As part of the Iona Month of Excellence in Scholarly and Creative Activities “From Concord to Common Sense: Commemoration and Conflict in the Legacy of the American Revolution” explored the complex relationship between celebration and critique of the American war for independence. Inspired by the creation of Patriots’ Day in the late nineteenth century, this symposium discussed how we remember the Revolutionary Era. A holiday celebrated in three states – and recognized locally in many others – Patriots’ Day commemorates the battles of Lexington and Concord on the third Monday of April every year, recognizing them start of the American Revolution. Three roundtable discussions and an ITPS archival exhibit addressed questions of what commemoration means, the social role and responsibility of commemorative practices, and how evolving methodologies in the digital humanities and in public history influence our historical memory of events and figures—from Thomas Paine to the 21st century.
Roundtable One: Approaching Commemoration from Public History
9:30 – 11:00 a.m., Romita Auditorium, Ryan Library
Chair: Nora Slonimsky, Gardiner Assistant Professor of History and Director, ITPS.
- Arin Amer, Doctoral Candidate in History, Graduate Center of the City University of New York and Co-Chair of The CUNY Public History Collective.
- Devin Lander, New York State Historian, The New York State Museum.
- Kathryn Lasdow, Assistant Professor of History and Director of the Public History Concentration, Suffolk University
- Nina Nazionale, Director of Library Operations at the New-York Historical Society.
- Amy Sopcak-Joseph, Doctoral Candidate in History, University of Connecticut and Co-Liaison from the Society for the History of Authorship, Reading & Publishing to the American Historical Association.
- Whitney Stewart, Assistant Professor, University of Texas, Dallas, and Affiliate Faculty, Edith O’Donnell Institute of Art History.
Exhibit: Remembering Revolution: Thomas Paine and the Legacy of American Independence
11:15 a.m. – 12:15 p.m., Romita Auditorium, Ryan Library
- Featuring an introductory discussion led by ITPS Public Historian Dr. Michael Crowder, the exhibit featured items from the Thomas Paine National Historical Association collection which commemorate Thomas Paine’s thought and legacy. The discussion explored how to balance recognition of Paine’s achievements with rigorous, objective archival research.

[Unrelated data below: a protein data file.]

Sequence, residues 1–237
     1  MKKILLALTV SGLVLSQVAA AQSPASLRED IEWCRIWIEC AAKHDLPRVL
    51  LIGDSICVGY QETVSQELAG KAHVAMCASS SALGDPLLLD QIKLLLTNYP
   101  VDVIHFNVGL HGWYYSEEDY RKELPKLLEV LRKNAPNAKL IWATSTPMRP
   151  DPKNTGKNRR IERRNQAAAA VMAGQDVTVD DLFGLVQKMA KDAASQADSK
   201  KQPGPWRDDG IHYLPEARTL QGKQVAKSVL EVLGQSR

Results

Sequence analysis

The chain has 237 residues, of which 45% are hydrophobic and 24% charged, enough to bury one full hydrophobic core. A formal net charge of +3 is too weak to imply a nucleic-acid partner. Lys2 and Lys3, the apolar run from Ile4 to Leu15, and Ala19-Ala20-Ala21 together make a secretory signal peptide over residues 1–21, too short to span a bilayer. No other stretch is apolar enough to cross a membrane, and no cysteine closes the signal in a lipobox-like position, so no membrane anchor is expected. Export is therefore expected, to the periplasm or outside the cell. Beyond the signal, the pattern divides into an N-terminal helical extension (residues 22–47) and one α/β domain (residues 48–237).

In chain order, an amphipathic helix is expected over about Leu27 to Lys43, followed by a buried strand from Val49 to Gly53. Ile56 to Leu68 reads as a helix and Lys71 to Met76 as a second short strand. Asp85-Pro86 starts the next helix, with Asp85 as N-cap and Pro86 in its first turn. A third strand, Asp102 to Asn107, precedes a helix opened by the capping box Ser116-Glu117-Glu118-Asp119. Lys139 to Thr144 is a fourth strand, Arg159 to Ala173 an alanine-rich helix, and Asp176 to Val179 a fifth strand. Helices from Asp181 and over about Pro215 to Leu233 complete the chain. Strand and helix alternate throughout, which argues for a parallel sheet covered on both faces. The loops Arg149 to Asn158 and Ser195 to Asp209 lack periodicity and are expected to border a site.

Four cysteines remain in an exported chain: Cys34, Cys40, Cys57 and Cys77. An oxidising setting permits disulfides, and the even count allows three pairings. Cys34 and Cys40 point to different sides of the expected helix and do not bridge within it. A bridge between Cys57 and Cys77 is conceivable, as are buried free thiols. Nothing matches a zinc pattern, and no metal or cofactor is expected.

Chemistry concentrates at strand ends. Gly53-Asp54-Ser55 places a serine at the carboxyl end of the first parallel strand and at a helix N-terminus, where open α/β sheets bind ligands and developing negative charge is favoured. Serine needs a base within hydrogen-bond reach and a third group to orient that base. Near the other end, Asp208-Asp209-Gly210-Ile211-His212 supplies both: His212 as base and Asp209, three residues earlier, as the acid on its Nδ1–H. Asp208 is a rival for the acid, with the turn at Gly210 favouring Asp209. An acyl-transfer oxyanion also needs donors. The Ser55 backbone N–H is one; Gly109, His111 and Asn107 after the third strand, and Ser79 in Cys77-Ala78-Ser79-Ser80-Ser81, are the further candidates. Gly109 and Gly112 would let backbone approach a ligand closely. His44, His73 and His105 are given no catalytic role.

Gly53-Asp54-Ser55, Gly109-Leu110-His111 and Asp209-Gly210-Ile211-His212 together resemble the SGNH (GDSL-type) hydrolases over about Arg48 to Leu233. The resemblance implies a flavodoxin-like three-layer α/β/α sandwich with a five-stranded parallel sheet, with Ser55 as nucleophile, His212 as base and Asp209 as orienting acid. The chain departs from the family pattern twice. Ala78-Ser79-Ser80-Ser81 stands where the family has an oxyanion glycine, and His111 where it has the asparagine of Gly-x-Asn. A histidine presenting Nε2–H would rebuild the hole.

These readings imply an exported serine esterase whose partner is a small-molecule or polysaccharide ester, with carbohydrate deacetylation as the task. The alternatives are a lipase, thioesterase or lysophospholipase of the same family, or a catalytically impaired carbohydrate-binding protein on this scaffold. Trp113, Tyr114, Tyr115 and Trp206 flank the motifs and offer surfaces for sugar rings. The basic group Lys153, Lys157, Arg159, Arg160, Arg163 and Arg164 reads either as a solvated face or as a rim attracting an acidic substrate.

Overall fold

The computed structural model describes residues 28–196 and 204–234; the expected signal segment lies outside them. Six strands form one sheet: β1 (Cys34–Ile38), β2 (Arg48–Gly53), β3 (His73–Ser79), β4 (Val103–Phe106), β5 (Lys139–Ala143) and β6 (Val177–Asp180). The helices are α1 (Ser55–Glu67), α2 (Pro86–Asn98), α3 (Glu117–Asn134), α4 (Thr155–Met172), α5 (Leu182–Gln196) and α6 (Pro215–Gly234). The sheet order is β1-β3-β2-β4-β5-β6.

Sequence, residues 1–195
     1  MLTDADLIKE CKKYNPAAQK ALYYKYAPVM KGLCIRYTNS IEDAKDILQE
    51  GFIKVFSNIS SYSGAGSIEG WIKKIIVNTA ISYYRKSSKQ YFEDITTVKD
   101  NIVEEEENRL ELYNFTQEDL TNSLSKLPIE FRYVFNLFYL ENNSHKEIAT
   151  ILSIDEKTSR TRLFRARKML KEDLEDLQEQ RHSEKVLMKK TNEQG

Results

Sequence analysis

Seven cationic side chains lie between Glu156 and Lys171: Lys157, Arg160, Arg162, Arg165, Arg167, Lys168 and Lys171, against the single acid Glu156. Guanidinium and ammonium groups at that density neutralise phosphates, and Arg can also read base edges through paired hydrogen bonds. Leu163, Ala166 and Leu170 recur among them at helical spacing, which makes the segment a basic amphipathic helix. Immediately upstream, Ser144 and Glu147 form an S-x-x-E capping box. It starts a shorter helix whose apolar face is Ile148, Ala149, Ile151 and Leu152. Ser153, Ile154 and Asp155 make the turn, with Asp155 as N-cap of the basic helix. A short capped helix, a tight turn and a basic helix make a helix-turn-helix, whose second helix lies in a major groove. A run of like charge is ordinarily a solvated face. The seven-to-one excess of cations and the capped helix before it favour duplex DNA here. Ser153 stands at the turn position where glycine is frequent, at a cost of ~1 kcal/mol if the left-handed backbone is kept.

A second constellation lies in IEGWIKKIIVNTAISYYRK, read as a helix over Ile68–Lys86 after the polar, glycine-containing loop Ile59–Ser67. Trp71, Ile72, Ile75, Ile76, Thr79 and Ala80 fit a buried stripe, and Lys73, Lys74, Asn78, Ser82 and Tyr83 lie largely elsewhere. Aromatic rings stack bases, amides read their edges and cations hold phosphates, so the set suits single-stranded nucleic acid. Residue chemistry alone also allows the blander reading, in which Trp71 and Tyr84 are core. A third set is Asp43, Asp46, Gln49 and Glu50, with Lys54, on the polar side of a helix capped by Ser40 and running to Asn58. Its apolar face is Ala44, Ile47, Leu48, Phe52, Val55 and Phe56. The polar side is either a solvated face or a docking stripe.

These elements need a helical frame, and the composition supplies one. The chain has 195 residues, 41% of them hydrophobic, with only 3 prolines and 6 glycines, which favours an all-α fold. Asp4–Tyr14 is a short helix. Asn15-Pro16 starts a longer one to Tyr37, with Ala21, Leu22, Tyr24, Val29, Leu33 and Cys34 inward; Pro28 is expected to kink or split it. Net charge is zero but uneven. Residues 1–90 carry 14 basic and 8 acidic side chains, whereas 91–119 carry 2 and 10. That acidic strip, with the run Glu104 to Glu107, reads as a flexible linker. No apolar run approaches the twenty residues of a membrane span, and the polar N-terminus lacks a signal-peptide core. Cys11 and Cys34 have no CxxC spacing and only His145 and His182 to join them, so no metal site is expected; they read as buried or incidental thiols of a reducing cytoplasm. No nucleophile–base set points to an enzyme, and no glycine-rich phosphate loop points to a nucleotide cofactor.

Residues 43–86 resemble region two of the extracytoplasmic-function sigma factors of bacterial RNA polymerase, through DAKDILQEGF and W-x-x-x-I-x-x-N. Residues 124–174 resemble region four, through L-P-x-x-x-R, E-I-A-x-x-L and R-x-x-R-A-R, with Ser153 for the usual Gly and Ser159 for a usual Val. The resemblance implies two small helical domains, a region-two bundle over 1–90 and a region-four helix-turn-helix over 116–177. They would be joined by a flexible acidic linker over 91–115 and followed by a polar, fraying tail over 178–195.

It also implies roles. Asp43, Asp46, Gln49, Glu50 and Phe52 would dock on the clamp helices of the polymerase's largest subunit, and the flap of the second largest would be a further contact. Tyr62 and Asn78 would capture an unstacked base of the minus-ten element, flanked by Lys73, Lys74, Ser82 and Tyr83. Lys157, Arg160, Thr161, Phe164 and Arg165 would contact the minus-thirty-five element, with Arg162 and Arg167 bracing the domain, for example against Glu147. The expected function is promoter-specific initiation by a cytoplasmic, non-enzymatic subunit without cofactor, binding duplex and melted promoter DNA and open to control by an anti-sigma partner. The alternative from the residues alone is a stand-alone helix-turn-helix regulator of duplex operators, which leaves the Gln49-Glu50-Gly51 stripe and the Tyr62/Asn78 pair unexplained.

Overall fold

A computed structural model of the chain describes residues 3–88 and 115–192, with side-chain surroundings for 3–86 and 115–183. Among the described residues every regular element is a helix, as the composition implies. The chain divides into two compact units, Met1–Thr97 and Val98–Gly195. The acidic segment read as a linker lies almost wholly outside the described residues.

Lunch: 12:15 to 1:45 p.m.
Roundtable Two: Approaching Commemoration from the Digital Humanities: Integrating Multiple Methods
1:30 – 3:00 p.m., Romita Auditorium, Ryan Library
Chair: Jean Bauer, Digital Humanities Consultant and Former Research Director, Princeton Center for Digital Humanities.
- Gary Berton, Coordinator, ITPS, and Lubomir Ivanov, Associate Professor of Computer Science, Iona College, discussing The Authorship Attribution Project (TAP) at the ITPS.
- Will Fenton, Director of Scholarly Innovation at the Library Company of Philadelphia and Creative Director of Redrawing History: Indigenous Perspectives on Colonial America, funded by The Pew Center for Arts and Heritage.
- Barry Goldberg, Research Fellow, Rockefeller Archive Center and Former Gardiner Post-Doctoral Fellow at the ITPS .
- Aaron Noble, Senior Historian, New York State Museum.
- Christy Potroff, Assistant Professor of English, Merrimack College and creator of the digital mapping project, “The U.S. Goes Postal: Mapping Union and War in the Antebellum Era.”
- Ben Wright, Assistant Professor of History, University of Texas, Dallas, and Co-Editor of The American Yawp.
3:00 – 3:30 p.m., Romita Auditorium and ITPS office (second floor, Ryan Library)
*Many thanks to the Robert David Lion Gardiner Foundation and the James Hervey Johnson Educational Trust for their generous support, and to Dr. Sunghee Lee for including the ITPS in Iona’s Month of Excellence*